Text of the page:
US in Iraq: Men of steal
21 Nov, 2011 06:41
As the date for the US troop withdrawal from Iraq nears, questions have been raised over those who do not leave the war zone empty-handed, as billions of dollars have reportedly been wasted or stolen during the military intervention.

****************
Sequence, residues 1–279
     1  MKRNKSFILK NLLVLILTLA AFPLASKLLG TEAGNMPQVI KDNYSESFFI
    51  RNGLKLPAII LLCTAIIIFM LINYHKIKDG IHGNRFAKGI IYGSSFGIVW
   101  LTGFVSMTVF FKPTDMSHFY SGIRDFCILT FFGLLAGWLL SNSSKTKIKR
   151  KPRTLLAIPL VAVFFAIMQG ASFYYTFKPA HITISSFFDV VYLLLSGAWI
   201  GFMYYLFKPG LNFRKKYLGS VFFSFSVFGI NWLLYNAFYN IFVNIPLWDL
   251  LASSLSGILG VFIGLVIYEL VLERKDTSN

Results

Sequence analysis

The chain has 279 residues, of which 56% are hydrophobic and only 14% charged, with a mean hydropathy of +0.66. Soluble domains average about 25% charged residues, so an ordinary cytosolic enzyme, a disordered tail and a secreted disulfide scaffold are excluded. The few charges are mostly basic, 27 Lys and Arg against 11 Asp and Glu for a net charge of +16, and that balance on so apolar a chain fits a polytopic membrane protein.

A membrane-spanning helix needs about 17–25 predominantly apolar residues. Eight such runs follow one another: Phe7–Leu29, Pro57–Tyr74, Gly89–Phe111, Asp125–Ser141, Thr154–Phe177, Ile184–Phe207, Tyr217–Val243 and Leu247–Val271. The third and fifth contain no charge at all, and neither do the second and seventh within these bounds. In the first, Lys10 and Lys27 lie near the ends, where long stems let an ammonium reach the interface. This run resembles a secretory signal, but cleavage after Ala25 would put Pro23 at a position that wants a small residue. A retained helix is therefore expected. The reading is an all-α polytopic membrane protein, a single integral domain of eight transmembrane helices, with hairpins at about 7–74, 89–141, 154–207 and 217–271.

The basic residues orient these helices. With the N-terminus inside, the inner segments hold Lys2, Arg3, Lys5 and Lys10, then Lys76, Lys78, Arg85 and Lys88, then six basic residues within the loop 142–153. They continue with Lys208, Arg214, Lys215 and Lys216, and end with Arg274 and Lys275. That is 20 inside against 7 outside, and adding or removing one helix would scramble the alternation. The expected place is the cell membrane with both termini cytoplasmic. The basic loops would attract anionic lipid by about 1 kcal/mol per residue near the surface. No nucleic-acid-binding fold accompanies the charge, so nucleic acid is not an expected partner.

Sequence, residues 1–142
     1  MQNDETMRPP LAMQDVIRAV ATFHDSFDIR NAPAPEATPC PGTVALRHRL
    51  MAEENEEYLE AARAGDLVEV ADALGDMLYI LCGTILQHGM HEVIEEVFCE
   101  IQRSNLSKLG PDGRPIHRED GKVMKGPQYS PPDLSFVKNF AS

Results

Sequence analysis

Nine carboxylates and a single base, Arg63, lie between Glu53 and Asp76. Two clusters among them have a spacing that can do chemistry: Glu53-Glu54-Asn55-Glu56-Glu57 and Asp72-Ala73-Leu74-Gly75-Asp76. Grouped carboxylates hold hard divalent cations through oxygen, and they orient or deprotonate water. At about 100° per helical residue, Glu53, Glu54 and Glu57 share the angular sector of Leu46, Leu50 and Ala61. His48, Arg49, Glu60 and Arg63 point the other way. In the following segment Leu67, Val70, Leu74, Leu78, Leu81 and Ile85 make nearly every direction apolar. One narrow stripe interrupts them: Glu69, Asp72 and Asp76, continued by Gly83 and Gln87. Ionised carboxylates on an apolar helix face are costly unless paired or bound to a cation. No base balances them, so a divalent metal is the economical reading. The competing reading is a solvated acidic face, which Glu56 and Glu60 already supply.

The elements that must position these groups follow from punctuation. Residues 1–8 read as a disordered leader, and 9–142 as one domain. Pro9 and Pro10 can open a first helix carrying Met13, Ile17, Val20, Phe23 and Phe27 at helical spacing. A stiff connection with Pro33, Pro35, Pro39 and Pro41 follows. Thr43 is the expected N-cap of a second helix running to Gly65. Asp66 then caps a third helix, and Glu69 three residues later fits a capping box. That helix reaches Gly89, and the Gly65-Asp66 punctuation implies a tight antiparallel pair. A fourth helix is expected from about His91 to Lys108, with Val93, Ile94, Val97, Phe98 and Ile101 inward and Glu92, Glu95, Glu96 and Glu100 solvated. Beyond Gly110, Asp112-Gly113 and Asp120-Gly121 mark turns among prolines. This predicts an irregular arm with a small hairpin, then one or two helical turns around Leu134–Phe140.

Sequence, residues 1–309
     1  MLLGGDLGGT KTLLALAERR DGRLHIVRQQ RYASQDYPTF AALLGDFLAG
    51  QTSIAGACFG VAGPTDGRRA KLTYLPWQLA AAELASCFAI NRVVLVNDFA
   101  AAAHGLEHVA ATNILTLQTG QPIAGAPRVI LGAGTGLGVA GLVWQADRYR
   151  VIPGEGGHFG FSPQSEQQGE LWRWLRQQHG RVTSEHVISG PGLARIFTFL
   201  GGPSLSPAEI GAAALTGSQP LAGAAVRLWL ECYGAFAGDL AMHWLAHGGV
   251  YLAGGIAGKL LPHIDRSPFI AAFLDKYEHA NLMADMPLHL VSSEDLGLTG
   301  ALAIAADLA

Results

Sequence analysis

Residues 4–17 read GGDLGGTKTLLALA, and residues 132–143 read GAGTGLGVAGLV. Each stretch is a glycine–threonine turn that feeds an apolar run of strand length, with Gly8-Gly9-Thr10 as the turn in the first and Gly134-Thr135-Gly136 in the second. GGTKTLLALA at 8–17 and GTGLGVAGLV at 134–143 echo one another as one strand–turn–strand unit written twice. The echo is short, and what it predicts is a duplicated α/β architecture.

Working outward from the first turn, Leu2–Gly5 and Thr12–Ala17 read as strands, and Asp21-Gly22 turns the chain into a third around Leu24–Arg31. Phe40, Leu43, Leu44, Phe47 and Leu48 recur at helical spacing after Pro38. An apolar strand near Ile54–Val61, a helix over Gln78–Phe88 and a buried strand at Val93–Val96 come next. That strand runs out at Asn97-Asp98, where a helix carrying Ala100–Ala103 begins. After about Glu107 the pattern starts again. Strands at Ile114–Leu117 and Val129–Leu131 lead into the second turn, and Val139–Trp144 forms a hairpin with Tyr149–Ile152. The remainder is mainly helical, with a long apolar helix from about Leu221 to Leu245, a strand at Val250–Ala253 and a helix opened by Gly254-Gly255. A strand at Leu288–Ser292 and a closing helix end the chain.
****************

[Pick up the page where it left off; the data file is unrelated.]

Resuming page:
Some arrests have been made of individual soldiers making cash on the side, but the big players behind the losses remain at large.The number of people indicted and convicted by the US for bribery, fraud and theft in Iraq and Afghanistan has never been so high. Among those is a marine in Iraq who sent home $43,000 in stolen cash by hiding it in a footlocker among American flags. Another soldier shipped home thousands of dollars concealed in a toy stuffed animal.Michael O’Brien, the author of America’s Failure in Iraq says “They go after people who stole $43,000. That’s great; they should go after that, but what about on a larger scale?”In 2006, Michael O’Brien was tasked with helping build the Iraqi military. He says those who have pocketed millions enjoy complete impunity. “They rebuilt an Iraqi army base and I’m telling you the condition of that base – this is just one example – was so deplorable, it was so pathetic, and when I asked the American construction project manager how much money was into this, I really thought he was going to say 3 or 5 million – it was $160 million,” Michael O’Brien recalls. The Commission on Wartime Contracting estimated that between $31 billion and $60 billion has been lost to waste and fraud in Iraq and Afghanistan. The figures seem even more staggering, considering the overall amount the US has committed to rebuilding Iraq: roughly $62 billion.Peter Van Buren was a head of an Iraq Reconstruction team, working for the US State Department.US State Department Foreign Service Officer told RT that “The squandering of resources occurred on very small levels: a couple of thousand dollars here and there and zoomed all the way up into hundreds of millions of dollars that were spent on hospitals that never opened or prisons that never took any prisoners in.”The Commission on Wartime Contracting is out of business now, after Congress cut its funding.The details of their probe is sealed until 2031. “They don’t want people in high places to come under scrutiny,” Michael O’Brien believes. “The US Congress wants to put the fraud behind the debacle of our Iraqi invasion.”The scope of the fraud and waste is enormous. The US justice system goes after individuals who have stolen a few thousand dollars here and there, but not after the big players, the big contractors, that have really made a killing on the wars.